The Order of the Minorange

An online project about "elite workers" and the importance of transcending the self in corporate culture


Fields of Knowledge
  • Aesthetics / Media
  • Design
  • Politics / Economics

Organizing Institutions



Aaron Levy


Anastasia Colzie

Process initiated


Opens to public



0% Formal - 100% Informal

Slought is pleased to announce "The Order of the Minorange," an online project about "elite workers" and the importance of transcending the self in corporate culture. Commissioned from artist Veit Stratmann, the project features a report analyzing the Bouygues Groupe, and will launch May 17, 2016.

The French conglomerate Bouygues was founded by Francis Bouygues in 1952 as a construction company, expanding into infrastructure and water supply (SAUR) in 1984, media (Télévision Française 1 - TF1) in 1987, and telecom (Bouygues Télécom) in 1994. With over 120,000 employees, Bouygues is thus active across a variety of economies, as it builds the houses people live in, the infrastructures that connect these houses, the media that entertains the people living in them and the mobile phone network that mediates everything.

In 1963, Bouygues created the Les Compagnons du Minorange (The Companions of Minorange), which is also known as the "Order." It is an internal organization within the Bouygues company and is made up of around 1100 highly skilled employees who embody the "Bouygues-Culture" and demonstrate proven dedication to the company. They consider themselves as tokens of "social coherence" within Bouygues and oppose the presence of trade unions within the company.

Its members wear special dark blue and orange work gear, as well as the logo of the order, all derived from the Bouygues Construction company logo, an orange oval on a white background. Their names and a series of stars are also visible on the uniform. The stars refer to the inner hierarchy of the Order, organized in three strata: Novice (one star), First Degree Tenure (two stars), and Second Degree Tenure (three stars).

The use of the term "Order" also suggests the transcendence of the self and obedience to a hierarchical superior. In this respect, the Les Compagnons du Minorange is comparable to the elite groups described by Hannah Arendt in The Origins of Totalitarianism (1951). Operating under a charismatic or even messianic leader, the Ordre du Minorange exemplifies a hierarchical situation where an elite group operates under the influence of a director. The only difference between the elite groups described by Arendt and those in the Ordre des Compagnons du Minorange is that one can only be member if one works in the lowest ranks of the Bouygues hierarchy. As one rises in the hierarchy of the group, one has to leave. This has the effect of encouraging a homogenous and cohesive identity within an otherwise stratified workplace. Yet this membership is only obtainable by giving up one's individuality, and becoming an exchangeable component within a larger entity.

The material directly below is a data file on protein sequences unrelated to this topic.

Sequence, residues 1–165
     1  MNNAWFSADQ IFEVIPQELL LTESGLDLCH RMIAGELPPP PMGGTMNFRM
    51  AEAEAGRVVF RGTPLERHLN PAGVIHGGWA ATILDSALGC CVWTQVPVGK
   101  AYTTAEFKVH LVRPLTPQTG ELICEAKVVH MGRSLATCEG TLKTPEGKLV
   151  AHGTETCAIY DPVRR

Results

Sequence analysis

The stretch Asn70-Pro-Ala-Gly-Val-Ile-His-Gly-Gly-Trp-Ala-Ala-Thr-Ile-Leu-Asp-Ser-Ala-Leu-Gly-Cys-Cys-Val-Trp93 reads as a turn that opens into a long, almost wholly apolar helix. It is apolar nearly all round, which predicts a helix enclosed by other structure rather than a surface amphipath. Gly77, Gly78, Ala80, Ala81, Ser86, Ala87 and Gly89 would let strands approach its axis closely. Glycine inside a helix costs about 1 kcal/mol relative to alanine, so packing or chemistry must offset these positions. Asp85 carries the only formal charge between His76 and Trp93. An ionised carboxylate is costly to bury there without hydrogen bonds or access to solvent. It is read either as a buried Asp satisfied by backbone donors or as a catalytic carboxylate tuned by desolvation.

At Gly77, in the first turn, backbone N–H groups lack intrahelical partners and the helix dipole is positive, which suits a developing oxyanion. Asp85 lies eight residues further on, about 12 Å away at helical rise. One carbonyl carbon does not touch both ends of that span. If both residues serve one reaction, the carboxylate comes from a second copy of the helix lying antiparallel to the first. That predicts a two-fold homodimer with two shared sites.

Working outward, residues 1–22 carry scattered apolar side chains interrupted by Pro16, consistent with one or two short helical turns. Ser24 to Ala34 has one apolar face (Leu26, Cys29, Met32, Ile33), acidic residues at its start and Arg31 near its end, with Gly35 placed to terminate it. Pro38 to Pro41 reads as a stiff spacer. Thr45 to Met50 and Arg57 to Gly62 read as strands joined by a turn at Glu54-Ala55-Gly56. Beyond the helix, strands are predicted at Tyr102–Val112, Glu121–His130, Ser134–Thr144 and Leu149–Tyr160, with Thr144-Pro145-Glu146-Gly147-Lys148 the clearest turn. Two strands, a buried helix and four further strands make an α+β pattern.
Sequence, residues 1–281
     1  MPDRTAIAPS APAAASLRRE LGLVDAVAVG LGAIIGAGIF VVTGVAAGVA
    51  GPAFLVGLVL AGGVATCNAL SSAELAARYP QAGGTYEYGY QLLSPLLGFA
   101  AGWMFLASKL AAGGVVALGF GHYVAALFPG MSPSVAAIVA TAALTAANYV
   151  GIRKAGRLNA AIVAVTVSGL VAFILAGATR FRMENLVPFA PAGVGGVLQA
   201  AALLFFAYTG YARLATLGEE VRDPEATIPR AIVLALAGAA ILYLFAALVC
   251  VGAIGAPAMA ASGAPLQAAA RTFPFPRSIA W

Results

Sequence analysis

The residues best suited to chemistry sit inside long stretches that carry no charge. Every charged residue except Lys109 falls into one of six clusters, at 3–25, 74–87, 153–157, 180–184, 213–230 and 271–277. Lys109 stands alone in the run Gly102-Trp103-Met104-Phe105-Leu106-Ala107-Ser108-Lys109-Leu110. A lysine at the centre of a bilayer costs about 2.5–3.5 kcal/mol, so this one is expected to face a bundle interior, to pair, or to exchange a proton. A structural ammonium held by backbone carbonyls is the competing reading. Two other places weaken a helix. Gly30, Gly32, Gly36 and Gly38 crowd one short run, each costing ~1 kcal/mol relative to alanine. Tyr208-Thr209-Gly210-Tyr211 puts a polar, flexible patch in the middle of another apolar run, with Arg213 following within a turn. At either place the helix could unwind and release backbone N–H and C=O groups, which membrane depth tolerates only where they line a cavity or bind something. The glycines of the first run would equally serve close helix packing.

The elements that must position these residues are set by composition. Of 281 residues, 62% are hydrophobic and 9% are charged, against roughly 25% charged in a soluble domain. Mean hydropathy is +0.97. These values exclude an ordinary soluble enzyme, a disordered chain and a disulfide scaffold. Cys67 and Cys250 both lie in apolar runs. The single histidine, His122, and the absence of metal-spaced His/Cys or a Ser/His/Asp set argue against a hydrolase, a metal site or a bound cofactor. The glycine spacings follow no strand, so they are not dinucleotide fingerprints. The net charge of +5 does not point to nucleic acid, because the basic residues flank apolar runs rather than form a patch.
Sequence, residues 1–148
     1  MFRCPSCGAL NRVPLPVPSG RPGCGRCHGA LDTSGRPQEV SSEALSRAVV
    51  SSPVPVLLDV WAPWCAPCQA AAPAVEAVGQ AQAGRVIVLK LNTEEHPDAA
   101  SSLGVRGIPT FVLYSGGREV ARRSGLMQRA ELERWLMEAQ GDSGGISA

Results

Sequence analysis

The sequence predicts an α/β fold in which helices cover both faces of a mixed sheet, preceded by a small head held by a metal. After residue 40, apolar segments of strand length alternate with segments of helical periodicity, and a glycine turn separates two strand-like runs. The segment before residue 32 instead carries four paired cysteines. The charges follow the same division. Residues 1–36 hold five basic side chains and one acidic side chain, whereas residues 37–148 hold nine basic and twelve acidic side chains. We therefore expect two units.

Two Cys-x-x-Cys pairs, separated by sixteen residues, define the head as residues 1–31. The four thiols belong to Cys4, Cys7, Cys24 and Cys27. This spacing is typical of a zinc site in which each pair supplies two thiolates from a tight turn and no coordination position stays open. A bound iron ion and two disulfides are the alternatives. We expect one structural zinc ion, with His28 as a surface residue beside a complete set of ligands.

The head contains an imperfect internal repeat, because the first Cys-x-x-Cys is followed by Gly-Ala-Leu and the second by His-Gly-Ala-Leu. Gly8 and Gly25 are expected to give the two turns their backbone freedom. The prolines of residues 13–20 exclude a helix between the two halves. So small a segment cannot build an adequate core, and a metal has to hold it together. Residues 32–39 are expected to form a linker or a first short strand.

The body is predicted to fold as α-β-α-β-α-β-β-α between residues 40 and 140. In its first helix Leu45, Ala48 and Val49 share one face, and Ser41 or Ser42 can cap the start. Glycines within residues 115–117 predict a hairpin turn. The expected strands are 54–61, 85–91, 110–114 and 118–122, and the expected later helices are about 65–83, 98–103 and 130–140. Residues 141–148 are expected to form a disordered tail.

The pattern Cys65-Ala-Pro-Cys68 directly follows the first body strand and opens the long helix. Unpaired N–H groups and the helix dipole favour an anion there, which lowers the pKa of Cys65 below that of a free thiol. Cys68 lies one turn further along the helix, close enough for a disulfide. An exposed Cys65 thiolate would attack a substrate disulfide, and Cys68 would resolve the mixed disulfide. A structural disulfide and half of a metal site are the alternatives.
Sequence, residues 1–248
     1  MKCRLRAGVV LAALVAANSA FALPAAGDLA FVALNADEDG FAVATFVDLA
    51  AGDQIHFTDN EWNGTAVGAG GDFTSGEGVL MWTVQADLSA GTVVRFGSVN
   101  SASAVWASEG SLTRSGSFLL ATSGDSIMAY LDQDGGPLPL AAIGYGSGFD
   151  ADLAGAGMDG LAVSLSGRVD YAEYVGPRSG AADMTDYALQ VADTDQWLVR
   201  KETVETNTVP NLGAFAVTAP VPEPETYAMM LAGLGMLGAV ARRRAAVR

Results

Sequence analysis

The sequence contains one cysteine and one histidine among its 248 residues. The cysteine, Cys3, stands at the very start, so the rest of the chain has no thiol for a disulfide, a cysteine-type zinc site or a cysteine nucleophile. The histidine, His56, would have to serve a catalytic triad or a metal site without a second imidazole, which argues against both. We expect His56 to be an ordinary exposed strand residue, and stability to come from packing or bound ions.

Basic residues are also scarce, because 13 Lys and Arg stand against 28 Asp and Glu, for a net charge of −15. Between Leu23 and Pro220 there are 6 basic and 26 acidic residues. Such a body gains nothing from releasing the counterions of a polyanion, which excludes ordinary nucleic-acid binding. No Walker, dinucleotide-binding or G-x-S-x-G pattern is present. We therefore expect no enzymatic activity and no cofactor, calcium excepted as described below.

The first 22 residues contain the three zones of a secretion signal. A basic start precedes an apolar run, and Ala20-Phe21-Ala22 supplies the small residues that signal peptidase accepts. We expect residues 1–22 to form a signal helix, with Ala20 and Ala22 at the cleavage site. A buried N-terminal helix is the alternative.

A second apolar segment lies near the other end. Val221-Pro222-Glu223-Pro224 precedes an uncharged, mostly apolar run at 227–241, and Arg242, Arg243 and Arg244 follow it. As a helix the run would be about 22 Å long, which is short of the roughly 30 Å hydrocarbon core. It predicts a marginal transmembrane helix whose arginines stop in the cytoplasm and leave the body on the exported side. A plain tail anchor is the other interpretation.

Read the report

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There is no space in France - physical or digital - that is not, in one way or another, defined or conditioned by Bouygues. Bouygues thus functions at once within and above society.

And yet, it is impossible to link Bouygues to any particular geographical or symbolical center. According to company ideology, Bouygues is not an industrial conglomerate but rather a fluid and mobile structure that can be present anywhere and at anytime. This "immateriality," together with its ubiquity, suggests that Bouygues is less a corporate or economic entity than a fundamental layer or a strata of French society, one that perhaps mirrors the visibility and invisibility of royalty.

In these and other respects Bouygues arguably resembles the French monarchy of Louis XIV, who sought to centralize power and constructed Versailles as a symbol of absolute power. When Francis Bouygues commissioned a new headquarters for his company in 1988, he considered it "the Versailles of the 20th century" and named the building "Challenger," as if to pose the question: could he be challenged?

By the late 1980s, Bouygues was at the apex of corporate culture in France, and faced no competition in the economic realm. The only thing that could be questioned was the idea that society is the property of a private company. Should it not also be determined by intra-societal phenomena – such as politics, debate, and culture?

About the Artist

Veit Stratmann was born in Germany in 1960 and currently lives in France. Stratmann's work foregrounds the act of questioning, and the critical interrogation of socio-political and institutional structures.

Although his works are often site specific, he has exhibited extensively in gallery and museum contexts throughout the Europe and the United States. He currently teaches at Ecole Nationale Supérieure des Beaux Arts de Lyon.

"[We have] paid much attention to the economic and political consequences of big organization-the concentration of power in large corporations, for example, the political power of the civil-service bureaucracies, the possible emergence of a managerial hierarchy that might dominate the rest of us. These are proper concerns, but no less important is the principal impact that organization life has had on the individuals within it. [...]

The fault is not in organization, in short; it is in our worship of it. It is in our vain quest for a utopian equilibrium, which would be horrible if it ever did come to pass; it is in the soft-minded denial that there is a conflict between the individual and society. There must always be, and it is the price of being an individual that he must face these conflicts. He cannot evade them, and in seeking an ethic that offers a spurious peace of mind, thus does he tyrannize himself."

-- William H. Whyte, introduction to The Organization Man (1956)